The right tree, in the right place

Trees are great, and we need to be planting more.  However, too often, what we plant doesn’t produce the long-lasting specimen trees we wish for: trees die, get too big, or have limited impact.  Part of the problem is that we often don’t plant trees suited to their setting.  This is the principle of Right Tree Right Place. Get it right and there are good results. In the coming months, we’ll be exploring how to get the Right Tree for the setting. This edition asks what is the FUTURE USE?


When choosing trees for a setting, think about not just future use of the site but how the individual trees will fit in.


Some trees will remain smaller whilst others can become substantial.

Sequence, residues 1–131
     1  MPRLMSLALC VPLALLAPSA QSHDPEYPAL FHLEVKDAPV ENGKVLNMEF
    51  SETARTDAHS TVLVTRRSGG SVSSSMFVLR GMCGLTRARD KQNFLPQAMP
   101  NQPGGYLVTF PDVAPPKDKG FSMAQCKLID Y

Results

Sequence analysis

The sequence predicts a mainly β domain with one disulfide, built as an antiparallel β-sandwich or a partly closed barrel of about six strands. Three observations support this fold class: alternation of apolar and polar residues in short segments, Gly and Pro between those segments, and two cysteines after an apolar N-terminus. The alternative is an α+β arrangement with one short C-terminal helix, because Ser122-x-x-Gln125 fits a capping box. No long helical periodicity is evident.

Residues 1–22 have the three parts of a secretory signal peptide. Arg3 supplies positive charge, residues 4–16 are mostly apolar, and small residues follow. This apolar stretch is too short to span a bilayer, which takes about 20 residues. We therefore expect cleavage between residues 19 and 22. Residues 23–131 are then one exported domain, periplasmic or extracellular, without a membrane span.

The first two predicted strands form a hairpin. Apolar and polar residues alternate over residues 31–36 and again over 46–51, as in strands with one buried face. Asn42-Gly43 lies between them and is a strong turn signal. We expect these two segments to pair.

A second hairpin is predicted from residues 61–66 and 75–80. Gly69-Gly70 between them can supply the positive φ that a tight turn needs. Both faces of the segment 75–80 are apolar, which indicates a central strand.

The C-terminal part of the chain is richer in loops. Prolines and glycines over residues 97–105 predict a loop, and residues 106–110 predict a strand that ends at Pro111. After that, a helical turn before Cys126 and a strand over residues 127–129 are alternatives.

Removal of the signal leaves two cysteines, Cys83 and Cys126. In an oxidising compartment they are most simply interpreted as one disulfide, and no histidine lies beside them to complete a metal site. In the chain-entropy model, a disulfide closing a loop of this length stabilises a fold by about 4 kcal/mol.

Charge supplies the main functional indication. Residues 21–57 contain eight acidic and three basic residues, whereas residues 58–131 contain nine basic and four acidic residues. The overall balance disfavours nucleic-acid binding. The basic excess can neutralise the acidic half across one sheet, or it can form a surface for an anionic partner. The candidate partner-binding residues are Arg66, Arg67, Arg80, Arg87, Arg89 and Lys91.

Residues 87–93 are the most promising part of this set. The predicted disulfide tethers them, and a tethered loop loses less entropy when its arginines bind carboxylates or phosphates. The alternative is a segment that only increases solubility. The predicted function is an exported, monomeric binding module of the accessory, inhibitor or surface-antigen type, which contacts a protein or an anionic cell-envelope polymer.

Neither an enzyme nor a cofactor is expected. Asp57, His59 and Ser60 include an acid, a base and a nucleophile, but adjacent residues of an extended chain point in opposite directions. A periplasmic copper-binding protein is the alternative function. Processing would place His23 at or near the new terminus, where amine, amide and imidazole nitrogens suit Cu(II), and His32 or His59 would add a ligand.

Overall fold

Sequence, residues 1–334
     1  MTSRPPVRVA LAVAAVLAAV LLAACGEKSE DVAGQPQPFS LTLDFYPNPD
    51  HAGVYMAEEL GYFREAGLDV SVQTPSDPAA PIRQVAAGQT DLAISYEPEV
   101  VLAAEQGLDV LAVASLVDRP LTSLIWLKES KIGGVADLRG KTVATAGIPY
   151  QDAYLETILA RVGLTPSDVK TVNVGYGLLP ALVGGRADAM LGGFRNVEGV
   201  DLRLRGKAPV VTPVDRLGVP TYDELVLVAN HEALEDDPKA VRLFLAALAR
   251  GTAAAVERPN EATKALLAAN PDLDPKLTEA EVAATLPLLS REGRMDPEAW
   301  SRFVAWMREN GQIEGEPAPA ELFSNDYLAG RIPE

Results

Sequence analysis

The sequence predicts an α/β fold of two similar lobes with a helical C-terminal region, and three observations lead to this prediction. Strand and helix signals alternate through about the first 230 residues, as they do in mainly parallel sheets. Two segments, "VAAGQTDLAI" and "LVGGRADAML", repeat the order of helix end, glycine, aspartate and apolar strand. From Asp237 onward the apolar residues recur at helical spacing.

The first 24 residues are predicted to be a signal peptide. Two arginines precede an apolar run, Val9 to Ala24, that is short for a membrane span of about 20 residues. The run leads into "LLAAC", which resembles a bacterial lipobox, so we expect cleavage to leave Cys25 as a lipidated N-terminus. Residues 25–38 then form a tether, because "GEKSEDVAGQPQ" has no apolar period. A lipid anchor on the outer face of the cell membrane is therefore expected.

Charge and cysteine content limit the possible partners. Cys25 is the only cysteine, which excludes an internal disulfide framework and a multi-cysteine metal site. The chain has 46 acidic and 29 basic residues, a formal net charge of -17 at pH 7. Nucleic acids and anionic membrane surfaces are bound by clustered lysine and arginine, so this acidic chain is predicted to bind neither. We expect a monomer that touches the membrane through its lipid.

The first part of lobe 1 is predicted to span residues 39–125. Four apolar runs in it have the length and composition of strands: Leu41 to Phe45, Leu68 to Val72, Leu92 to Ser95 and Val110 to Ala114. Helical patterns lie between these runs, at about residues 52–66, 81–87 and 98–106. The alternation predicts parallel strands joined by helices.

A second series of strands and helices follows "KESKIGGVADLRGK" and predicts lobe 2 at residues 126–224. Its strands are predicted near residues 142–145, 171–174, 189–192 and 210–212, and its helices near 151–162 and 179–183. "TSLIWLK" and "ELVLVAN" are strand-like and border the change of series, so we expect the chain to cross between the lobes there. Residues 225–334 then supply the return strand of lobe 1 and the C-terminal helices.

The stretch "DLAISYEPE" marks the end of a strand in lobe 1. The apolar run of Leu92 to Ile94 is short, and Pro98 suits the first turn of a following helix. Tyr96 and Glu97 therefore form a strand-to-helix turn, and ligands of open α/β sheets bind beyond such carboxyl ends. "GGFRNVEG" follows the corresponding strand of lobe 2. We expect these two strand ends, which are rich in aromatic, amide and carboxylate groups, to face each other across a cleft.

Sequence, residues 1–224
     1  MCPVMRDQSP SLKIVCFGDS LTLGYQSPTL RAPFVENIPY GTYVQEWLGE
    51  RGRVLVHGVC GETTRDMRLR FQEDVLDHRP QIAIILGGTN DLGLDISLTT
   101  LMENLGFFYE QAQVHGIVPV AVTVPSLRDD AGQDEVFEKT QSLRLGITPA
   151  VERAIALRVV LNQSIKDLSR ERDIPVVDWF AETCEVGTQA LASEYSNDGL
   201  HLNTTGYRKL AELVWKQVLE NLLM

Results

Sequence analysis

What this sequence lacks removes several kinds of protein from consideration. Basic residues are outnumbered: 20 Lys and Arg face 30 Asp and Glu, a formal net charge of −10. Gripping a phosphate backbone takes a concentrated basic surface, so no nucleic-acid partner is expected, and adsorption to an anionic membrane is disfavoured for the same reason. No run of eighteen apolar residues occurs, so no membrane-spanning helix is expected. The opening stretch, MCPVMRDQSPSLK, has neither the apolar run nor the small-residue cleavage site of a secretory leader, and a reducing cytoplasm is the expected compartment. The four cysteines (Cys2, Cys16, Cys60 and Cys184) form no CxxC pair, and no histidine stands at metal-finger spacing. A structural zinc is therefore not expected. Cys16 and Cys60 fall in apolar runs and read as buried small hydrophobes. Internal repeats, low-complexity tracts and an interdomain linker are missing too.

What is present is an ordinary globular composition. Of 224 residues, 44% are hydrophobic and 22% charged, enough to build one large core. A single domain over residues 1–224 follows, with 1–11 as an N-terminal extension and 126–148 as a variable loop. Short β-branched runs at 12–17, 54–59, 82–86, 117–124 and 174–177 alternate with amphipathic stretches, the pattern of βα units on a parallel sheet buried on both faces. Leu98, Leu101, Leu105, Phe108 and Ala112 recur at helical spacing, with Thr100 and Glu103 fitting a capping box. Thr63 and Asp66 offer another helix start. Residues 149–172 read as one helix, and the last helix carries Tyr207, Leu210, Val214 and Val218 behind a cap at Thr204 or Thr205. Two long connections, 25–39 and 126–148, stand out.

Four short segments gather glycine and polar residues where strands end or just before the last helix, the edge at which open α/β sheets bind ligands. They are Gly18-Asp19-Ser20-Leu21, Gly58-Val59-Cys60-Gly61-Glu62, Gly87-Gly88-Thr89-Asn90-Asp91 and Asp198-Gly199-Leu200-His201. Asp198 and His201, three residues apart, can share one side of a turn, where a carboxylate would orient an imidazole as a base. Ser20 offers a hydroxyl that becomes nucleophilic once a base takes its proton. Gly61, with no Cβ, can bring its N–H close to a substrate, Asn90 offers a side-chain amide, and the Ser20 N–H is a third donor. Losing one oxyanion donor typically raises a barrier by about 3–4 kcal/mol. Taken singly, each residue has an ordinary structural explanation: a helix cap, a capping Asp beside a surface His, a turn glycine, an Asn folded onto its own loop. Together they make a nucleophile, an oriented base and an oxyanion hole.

For example, it is not uncommon to have Oak and Field maple, both native trees, included in a woodland or hedgerow planting mix which can be used for screening an eyesore or providing privacy.  Both are good hedgerow trees.

However, Field Maple typically grows to 4-6 metres in height and spread whereas oak can reach 20 metres in height and spread.  Choosing trees that need space to grow can result in them becoming crowded, tall and etiolated.

Some trees are specifically suited to providing screening, and others are good as individual specimen trees.  With the right choice, a good outcome is more likely.

Unwise choice for screening leads to overcrowding

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